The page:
Lactose intolerance, milk allergy what are the differences

Unlike cow's milk protein allergy, with which it is often confused, lactose intolerance mostly affects adults.


Lactose intolerance, milk allergy what are the differences
Lactose intolerance, milk allergy


Cow's milk protein allergy is the first food allergy to appear in children: 2 to 3% of infants before the age of 2 are affected. As with any allergy, this is an inadequate response of the immune system to non-aggressive substances normally present in the environment: allergens.

"This pathology results in a wide variety of signs such as eczema, urticaria, edema, colic, diarrhea, asthma," explains Professor Gisèle Kanny, an allergist at Nancy hospital. When the allergy is proven, which necessarily requires skin tests by an allergist, all traces of milk in the child should be removed from the diet for a period of a few months.

An approach to be practiced with a dietician in order to avoid food imbalances or cross allergies. "After this period of eviction, the allergist gradually reintroduces milk into the diet in order to shift the immune system back to tolerance. All this is done under medical supervision because the risk of anaphylactic shock, which can be fatal, is real ”, continues Professor Gisèle Kanny.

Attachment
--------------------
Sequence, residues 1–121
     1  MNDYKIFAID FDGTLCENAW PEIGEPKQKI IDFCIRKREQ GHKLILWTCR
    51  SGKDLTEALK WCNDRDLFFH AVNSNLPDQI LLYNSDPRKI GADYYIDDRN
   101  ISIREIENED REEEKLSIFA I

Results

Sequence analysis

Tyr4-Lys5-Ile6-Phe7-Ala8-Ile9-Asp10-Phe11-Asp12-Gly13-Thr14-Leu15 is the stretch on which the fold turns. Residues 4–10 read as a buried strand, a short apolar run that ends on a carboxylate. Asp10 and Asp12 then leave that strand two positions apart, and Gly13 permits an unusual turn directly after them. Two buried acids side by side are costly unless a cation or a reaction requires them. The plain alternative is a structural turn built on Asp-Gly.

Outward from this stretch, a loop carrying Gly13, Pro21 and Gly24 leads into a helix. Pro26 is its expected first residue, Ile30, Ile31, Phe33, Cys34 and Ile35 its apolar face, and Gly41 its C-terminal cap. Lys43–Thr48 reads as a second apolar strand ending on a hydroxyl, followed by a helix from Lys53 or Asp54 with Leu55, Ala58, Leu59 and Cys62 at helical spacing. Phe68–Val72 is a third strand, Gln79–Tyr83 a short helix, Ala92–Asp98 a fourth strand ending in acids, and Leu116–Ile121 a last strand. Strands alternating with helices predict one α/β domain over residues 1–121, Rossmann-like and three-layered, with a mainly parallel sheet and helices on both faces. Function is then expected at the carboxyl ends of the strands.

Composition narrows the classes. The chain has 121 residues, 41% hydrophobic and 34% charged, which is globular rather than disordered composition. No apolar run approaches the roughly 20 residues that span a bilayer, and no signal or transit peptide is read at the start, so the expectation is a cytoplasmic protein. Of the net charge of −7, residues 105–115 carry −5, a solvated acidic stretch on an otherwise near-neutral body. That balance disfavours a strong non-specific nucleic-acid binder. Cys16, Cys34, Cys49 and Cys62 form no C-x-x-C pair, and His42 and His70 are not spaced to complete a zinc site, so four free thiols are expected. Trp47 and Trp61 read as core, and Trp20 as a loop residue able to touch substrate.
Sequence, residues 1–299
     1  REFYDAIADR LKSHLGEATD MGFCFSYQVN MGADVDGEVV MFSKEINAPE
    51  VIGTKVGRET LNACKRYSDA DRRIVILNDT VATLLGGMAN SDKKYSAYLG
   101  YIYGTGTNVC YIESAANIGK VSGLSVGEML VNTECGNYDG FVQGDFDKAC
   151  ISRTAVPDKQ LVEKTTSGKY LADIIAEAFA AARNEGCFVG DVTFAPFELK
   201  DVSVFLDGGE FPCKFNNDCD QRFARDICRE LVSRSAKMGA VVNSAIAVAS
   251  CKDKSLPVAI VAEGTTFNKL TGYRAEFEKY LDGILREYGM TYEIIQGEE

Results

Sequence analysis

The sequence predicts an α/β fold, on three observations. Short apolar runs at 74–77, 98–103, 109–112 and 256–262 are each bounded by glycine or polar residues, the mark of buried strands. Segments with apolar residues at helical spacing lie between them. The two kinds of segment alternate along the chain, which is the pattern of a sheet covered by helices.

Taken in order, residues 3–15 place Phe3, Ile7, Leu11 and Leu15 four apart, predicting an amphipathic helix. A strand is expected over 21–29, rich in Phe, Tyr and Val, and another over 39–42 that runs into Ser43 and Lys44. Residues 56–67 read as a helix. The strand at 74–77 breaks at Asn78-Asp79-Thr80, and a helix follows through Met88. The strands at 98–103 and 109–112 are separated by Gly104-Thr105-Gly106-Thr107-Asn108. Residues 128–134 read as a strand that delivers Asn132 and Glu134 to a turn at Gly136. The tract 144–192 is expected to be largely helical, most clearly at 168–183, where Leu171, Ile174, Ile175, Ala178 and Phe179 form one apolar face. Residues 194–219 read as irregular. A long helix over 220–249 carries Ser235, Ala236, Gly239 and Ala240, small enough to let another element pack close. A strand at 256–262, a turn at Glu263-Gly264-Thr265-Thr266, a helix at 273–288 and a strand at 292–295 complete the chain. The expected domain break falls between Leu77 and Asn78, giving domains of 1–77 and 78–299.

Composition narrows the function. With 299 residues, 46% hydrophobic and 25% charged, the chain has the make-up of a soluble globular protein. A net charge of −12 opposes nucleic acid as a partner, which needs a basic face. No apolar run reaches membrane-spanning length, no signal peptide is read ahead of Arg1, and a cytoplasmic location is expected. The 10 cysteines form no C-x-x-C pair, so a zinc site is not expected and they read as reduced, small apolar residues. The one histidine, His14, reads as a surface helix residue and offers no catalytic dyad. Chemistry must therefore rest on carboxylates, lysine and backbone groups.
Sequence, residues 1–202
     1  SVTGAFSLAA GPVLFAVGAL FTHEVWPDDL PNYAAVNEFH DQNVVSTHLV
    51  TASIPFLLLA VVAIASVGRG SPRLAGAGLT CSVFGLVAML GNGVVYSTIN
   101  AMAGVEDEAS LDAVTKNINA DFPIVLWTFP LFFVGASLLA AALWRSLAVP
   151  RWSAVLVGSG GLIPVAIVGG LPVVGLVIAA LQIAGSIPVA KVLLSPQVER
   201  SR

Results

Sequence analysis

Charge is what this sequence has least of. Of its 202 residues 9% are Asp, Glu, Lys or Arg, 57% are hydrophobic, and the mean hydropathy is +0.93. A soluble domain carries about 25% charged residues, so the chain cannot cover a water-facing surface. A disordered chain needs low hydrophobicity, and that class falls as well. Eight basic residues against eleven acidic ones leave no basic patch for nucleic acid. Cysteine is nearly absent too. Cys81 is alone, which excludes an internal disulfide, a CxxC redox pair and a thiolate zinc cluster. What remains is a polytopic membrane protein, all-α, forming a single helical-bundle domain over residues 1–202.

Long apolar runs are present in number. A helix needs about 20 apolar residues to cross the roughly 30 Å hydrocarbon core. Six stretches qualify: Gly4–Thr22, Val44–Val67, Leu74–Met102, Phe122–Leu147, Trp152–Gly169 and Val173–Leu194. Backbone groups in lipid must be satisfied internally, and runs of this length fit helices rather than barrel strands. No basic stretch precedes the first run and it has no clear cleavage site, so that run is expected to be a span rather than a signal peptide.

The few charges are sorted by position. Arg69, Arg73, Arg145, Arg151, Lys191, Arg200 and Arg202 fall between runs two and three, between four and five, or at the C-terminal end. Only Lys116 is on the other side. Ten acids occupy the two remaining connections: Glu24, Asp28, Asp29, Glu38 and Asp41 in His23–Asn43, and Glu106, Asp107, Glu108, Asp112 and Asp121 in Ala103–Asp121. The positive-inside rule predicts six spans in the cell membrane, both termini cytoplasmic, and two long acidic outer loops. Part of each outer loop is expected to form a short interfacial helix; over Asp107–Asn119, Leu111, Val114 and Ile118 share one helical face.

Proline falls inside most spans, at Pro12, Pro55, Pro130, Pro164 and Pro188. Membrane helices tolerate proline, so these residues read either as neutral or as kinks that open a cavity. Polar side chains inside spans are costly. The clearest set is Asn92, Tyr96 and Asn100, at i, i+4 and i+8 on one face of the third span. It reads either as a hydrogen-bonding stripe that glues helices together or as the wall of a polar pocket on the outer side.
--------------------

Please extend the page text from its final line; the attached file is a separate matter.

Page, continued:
Intolerance, an enzyme deficiency


After the age of 6, most milk allergies go away. This is why very few of them are found in adults. "However, it is not completely impossible. We have, for example, seen allergic reactions in athletes who swallowed high-protein diet supplements, concentrated in milk proteins, ”emphasizes the specialist.

So, if allergies are rare, how is it that many adults complain of gastrointestinal upset when they swallow milk? This is simply because they are not allergic, but intolerant to lactose, the main sugar in milk. The food and the symptoms are the same, but the mechanisms involved have nothing to do with those of the allergy. "In lactose intolerance, you can't stand milk because of a deficiency in lactase, a digestive enzyme that breaks down this sugar," explains Prof. Gisèle Kanny.


Cheeses and yogurts


In Europe especially in France, 30 to 50% of adults have incomplete lactose digestion because, in most humans and almost all mammals, lactase activity decreases rapidly after weaning. Lactose intolerance is common and can be particularly uncomfortable, but it is not life-threatening. To avoid digestive disorders, it is enough to avoid the consumption of fresh milk and to prefer milk with reduced lactose content, or even hard cheeses and yogurts. The digestion of semi-solid (yogurt) or solid (cheese) foods is slower than that of milk and promotes digestion.

Above all, it is advisable not to remove dairy products from your diet because they provide important nutrients such as calcium and vitamin D. “In addition, if the digestive disorders were ever caused by an allergic reaction, a withdrawal of dairy products could worsen the clinical expression of the allergy, ”insists Professor Kanny. The doctor urges people who suspect a digestive allergy or intolerance to milk to consult an allergist before disrupting their diet.



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